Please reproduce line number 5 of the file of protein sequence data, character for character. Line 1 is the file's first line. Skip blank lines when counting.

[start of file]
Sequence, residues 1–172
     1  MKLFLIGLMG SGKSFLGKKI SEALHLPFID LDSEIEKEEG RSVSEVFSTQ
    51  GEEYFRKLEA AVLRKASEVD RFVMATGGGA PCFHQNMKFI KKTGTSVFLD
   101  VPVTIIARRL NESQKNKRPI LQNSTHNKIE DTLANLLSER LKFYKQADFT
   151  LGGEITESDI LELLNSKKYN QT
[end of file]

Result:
   151  LGGEITESDI LELLNSKKYN QT